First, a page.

On removing health interventions, the WHO DG now can require such actions (States have agreed to ‘recommendations’ being binding above). As elsewhere, the WHO is not the instructing party, not the suggesting party. The WHO takes sovereignty over formerly State matters. The following paragraph requires a response in 2 weeks rather than formerly 3 months.

Article 44 Collaboration and assistance

States Parties shall undertake to collaborate with and assist each other, in particular developing countries States Parties, upon request, to the extent possible, in:…”

Changes move the relationship from the WHO suggesting/requesting, to the WHO requiring.

“in countering the dissemination of false and unreliable information about public health events, preventive and anti-epidemic measures and activities in the media, social networks and other ways of disseminating such information.”

States undertake to work with the WHO to control information and limit free speech.

the formulation of proposed laws and other legal and administrative provisions for the implementation of these Regulations.”

States agree to pass laws to implement restrictions on free speech and sharing of information.

countering the dissemination of false and unreliable information about public health events, preventive and anti-epidemic measures and activities in the media, social networks and other ways of disseminating such information;…”

The WHO shall work with countries to control free speech and flow of information (based on their own criteria of what is right and wrong).

  1. Nuts and Bolts of the verification bureaucracy to ensure countries follow WHO requirements.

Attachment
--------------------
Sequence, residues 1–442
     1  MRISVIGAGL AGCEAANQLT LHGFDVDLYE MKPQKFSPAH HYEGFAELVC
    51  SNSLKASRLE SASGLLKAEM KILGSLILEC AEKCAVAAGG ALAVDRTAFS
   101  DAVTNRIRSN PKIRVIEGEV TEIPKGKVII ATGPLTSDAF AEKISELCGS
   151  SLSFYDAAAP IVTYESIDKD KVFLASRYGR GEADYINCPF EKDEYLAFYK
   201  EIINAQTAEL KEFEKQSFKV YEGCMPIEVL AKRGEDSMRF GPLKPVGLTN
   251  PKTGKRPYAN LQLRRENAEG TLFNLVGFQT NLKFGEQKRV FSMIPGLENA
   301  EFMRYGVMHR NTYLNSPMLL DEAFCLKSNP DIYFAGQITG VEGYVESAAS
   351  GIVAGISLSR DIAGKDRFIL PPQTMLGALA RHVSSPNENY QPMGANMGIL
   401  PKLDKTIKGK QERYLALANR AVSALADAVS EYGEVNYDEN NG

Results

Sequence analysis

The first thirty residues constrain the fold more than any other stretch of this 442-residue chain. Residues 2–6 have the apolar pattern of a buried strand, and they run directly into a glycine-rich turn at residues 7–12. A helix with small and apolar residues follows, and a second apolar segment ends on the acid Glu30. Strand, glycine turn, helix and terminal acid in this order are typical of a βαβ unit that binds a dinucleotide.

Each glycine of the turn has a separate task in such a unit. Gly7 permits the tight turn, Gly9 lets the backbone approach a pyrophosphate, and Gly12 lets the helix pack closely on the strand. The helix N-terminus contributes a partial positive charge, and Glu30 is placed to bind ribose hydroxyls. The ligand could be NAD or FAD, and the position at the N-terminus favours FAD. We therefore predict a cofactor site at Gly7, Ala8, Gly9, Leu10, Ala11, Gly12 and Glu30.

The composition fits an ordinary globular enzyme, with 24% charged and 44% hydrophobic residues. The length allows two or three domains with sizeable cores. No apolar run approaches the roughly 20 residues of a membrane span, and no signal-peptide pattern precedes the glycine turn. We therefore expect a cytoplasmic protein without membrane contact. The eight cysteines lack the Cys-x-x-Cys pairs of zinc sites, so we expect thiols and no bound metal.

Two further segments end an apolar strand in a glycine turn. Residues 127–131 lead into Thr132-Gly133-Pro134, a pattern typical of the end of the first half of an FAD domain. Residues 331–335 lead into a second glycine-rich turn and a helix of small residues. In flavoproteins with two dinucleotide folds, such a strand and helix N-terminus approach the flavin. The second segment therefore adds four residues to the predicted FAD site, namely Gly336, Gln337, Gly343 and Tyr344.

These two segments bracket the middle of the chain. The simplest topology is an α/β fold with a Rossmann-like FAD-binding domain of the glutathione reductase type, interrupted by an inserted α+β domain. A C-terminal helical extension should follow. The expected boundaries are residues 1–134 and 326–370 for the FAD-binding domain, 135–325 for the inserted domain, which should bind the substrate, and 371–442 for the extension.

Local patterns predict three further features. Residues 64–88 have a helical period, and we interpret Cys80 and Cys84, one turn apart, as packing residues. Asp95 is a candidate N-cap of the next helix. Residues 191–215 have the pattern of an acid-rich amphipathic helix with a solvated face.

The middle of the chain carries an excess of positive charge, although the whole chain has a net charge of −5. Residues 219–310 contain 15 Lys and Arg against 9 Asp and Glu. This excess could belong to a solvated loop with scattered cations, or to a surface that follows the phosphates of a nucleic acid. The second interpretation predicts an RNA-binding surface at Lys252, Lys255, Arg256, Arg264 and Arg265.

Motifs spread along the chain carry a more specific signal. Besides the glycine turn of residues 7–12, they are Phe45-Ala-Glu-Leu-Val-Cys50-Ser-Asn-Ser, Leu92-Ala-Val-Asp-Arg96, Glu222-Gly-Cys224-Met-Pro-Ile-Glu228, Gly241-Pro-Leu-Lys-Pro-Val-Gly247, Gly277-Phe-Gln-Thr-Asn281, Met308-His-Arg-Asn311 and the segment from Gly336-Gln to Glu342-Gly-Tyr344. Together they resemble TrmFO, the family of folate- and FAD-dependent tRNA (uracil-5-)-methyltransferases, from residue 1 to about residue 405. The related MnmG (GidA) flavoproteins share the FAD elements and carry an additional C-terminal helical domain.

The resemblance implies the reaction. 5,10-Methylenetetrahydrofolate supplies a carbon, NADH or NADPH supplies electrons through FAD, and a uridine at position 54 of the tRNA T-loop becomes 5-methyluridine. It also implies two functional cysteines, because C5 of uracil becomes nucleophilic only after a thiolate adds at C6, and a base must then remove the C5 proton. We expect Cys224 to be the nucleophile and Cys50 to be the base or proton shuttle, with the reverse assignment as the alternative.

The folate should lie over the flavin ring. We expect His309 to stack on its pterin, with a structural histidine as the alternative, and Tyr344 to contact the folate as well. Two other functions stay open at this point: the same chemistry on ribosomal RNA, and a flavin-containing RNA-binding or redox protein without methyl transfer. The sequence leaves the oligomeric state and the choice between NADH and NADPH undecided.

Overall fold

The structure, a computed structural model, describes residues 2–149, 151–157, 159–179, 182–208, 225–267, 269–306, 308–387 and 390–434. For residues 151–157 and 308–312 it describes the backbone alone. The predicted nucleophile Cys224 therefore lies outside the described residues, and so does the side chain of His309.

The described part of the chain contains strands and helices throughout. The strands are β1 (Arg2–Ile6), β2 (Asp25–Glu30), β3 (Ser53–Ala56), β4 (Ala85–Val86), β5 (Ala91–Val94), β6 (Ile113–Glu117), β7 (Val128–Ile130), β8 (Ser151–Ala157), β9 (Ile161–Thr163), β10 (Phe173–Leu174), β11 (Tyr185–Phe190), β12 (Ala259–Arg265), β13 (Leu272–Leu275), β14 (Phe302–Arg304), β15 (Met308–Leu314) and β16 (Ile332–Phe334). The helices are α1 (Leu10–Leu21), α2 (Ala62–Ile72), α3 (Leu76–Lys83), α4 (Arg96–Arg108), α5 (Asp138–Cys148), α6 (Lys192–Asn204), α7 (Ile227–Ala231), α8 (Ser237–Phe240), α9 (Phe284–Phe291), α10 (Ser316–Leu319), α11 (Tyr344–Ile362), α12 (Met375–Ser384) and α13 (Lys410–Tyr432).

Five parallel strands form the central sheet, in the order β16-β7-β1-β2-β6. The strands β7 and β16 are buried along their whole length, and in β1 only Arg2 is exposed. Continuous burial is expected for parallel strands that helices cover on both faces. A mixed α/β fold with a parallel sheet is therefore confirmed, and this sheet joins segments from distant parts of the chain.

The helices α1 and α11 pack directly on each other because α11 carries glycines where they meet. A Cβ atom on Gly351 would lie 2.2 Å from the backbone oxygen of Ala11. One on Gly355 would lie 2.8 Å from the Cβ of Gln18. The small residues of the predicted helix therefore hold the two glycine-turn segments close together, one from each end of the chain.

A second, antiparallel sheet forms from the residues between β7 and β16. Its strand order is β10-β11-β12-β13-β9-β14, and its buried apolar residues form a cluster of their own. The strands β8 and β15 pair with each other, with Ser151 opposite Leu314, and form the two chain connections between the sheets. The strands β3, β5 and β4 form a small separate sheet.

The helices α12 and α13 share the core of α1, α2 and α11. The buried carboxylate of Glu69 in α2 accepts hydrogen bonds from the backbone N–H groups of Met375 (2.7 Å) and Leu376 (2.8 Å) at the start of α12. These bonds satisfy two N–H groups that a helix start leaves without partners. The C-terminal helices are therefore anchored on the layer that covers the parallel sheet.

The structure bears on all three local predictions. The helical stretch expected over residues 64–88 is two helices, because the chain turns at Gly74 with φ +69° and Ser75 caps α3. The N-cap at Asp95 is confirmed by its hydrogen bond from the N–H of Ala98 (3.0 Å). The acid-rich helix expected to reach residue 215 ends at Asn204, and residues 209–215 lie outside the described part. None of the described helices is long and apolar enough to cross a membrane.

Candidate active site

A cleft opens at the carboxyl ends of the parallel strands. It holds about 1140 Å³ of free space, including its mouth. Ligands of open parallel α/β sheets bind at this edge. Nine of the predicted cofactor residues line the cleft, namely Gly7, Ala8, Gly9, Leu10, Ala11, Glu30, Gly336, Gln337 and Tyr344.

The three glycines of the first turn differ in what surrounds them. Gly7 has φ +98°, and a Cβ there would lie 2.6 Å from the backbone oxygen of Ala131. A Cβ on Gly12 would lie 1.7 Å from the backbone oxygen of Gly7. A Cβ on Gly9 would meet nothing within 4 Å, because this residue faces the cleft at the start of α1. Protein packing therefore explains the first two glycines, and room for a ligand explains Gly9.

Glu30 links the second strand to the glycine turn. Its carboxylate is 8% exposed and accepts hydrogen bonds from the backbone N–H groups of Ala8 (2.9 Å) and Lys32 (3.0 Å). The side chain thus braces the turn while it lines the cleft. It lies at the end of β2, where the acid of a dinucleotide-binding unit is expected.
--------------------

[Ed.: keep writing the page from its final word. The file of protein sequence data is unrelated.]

NEW Chapter IV (Article 53 bis-quater): The Compliance Committee 

53 bis Terms of reference and composition

“The State Parties shall establish a Compliance Committee that shall be responsible for:

(a) Considering information submitted to it by WHO and States Parties relating to compliance with obligations under these Regulations;

(b) Monitoring, advising on, and/or facilitating assistance on matters relating to compliance with a view to assisting States Parties to comply with obligations under these Regulations;

(c) Promoting compliance by addressing concerns raised by States Parties regarding implementation of, and compliance with, obligations under these Regulations; and

(d) Submitting an annual report to each Health Assembly describing:

(i) The work of the Compliance Committee during the reporting period;

(ii) The concerns regarding non-compliance during the reporting period; and (iii) Any conclusions and recommendations of the Committee.

2. The Compliance Committee shall be authorized to: